The Social-Conflict Approach and the Sociology of Sport

As noted in the textbook, each of the three major paradigms may be applied to a wide variety of 

topics. The conflict perspective has been especially popular among sports sociologists. In fact,
Harry Edwards, who published the first major text in this area in 1973 while a member of the
faculty at San Jose State University, is a strong adherent of the conflict perspective.
More recently, Richard Lapchick, the director since 1984 of Northeastern University’s
Center for the Study of Sport in Society, has emerged as a second well-known conflict theoryoriented sports sociologist. Unlike Edwards, Lapchick is white and was heavily involved as a
civil rights supporter and anti-apartheid activist in his youth; he has repeatedly received death
threats and has also been physically attacked by opponents of his struggle for racial justice.
The Center began with an operating budget of $125,000, which has now grown to over a
million dollars a year. Lapchick and his twenty-one person staff have collected a massive amount
of data documenting the persistent discrimination against minorities and women in spo rts. Some
examples: Lapchick points out that African–Americans have a substantial share of players in
only five professional sports: boxing, track, basketball, football, and baseball. The share of black
players in major league baseball shows a notable decline, falling from 19 percent in 1995 to 8
percent in 2015. In all professional sports, the vast majority of team owners, managers, and head
coaches are white.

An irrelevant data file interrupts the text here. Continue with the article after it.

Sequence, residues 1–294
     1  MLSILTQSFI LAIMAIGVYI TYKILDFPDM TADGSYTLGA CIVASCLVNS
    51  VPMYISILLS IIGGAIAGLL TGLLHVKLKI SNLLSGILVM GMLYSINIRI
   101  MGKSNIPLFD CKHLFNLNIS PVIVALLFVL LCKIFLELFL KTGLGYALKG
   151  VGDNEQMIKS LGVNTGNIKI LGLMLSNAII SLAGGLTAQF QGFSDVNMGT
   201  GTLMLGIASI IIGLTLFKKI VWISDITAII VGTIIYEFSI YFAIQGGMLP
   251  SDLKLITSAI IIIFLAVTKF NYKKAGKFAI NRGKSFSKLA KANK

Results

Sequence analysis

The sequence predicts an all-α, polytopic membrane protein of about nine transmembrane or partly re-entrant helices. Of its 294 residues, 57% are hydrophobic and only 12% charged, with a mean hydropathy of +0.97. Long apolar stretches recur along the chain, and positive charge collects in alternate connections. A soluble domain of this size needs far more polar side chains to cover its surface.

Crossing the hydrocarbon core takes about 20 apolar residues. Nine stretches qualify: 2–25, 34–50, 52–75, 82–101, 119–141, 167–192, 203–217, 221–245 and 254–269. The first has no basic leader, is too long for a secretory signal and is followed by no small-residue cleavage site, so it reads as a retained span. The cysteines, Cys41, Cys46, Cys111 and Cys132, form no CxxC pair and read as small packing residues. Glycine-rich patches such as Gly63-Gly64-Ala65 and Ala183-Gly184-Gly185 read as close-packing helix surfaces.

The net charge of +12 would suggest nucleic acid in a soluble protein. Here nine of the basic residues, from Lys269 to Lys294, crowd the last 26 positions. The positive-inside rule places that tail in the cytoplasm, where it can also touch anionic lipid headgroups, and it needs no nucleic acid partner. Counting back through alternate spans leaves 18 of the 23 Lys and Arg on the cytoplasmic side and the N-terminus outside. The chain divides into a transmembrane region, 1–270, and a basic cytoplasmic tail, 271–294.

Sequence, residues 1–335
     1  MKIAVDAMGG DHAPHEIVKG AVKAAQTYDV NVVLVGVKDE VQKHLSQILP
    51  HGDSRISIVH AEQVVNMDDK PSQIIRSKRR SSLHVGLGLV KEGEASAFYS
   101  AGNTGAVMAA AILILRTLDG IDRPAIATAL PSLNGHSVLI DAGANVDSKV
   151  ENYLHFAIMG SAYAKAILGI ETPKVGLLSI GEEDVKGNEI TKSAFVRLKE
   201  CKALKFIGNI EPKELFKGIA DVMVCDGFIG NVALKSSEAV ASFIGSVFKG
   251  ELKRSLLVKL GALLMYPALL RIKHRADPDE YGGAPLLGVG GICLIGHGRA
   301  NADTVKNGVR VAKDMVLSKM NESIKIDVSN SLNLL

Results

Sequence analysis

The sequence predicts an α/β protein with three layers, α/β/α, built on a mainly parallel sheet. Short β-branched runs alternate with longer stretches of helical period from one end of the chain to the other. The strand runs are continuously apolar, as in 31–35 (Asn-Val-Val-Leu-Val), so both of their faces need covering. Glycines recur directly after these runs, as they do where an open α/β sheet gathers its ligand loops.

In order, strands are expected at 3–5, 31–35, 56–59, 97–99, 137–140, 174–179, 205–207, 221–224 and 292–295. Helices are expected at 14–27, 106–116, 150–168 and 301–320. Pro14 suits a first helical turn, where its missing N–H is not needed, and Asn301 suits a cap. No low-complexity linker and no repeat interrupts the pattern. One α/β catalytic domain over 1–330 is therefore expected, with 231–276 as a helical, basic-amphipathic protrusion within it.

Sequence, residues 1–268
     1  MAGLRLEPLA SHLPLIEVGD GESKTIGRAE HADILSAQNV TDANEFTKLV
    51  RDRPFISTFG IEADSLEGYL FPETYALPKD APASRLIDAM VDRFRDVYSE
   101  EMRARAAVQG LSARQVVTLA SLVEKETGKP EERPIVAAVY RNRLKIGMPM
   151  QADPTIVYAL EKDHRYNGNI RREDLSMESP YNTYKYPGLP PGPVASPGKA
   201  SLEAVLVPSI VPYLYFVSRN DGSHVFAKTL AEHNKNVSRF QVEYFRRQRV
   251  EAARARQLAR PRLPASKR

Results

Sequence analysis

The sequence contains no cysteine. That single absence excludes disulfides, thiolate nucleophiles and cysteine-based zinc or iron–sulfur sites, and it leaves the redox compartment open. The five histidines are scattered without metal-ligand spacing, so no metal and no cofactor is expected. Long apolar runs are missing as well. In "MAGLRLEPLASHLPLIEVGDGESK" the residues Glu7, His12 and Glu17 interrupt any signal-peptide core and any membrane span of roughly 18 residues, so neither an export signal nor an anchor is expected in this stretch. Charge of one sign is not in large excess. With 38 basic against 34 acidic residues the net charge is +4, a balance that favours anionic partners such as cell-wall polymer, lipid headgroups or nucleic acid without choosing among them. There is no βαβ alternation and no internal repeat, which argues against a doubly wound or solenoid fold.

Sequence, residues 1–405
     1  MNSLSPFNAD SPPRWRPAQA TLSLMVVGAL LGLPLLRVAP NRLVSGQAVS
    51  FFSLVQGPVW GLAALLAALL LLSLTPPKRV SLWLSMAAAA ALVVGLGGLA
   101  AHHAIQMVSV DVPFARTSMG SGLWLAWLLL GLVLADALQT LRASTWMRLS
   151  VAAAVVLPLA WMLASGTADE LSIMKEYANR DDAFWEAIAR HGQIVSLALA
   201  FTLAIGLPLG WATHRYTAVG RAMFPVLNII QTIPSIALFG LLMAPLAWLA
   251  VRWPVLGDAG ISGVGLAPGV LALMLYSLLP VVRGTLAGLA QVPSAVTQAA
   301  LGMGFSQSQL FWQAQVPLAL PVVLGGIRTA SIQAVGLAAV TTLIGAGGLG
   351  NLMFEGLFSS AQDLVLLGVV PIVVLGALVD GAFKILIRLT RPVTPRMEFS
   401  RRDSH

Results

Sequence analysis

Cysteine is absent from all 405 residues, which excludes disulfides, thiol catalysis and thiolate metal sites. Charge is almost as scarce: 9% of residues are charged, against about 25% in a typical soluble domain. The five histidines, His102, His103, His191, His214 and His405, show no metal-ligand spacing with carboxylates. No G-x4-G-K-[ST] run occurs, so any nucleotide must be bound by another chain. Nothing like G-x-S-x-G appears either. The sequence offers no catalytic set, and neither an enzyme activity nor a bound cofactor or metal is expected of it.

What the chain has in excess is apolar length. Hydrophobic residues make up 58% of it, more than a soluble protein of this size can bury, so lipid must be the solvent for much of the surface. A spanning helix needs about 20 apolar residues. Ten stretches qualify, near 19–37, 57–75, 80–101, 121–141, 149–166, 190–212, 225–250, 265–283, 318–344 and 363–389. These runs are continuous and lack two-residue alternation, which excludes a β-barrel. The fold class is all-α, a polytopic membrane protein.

In a tradition established by Marx, conflict-oriented sociologists have commonly felt obliged
to go beyond merely documenting the existence of injustice. They actually work to overcome it.
Harry Edwards attempted to organize a boycott by African–American athletes of the 1968
Mexico City Summer Olympics as a protest over the lack of black coaches on the U.S. team and
related issues. Although the boycott failed, Edwards was instrumental in encouraging sprinters
Tommie Smith and John Carlos to publicize their political beliefs by bowing their heads and
giving black power salutes during the awards ceremony for the 200-meter dash.
Like Edwards, Lapchick is also an activist. His center has spent over twelve million dollars
in tuition assistance for students who have used up their athletic eligibility. The organization also
sponsors outreach programs such as TEAMWORK, which encourages professional athletes to
speak to schoolchildren about the realities of high-level sports. A favored theme: stay in school
and get your degree, because while almost half of black professional athletes believe that they
will make it in the pros, in actuality, only a small percentage actually do so.

Discussion Questions
1. Do you think it is appropriate for sociologists like Edwards and Lapchick to become involved
in reform efforts or would they be wiser to concentrate merely on studying society? Develop
arguments supporting each position.
2. Why do you think many people find Lapchick’s contention that African–Americans are widely
discriminated against in sports hard to accept

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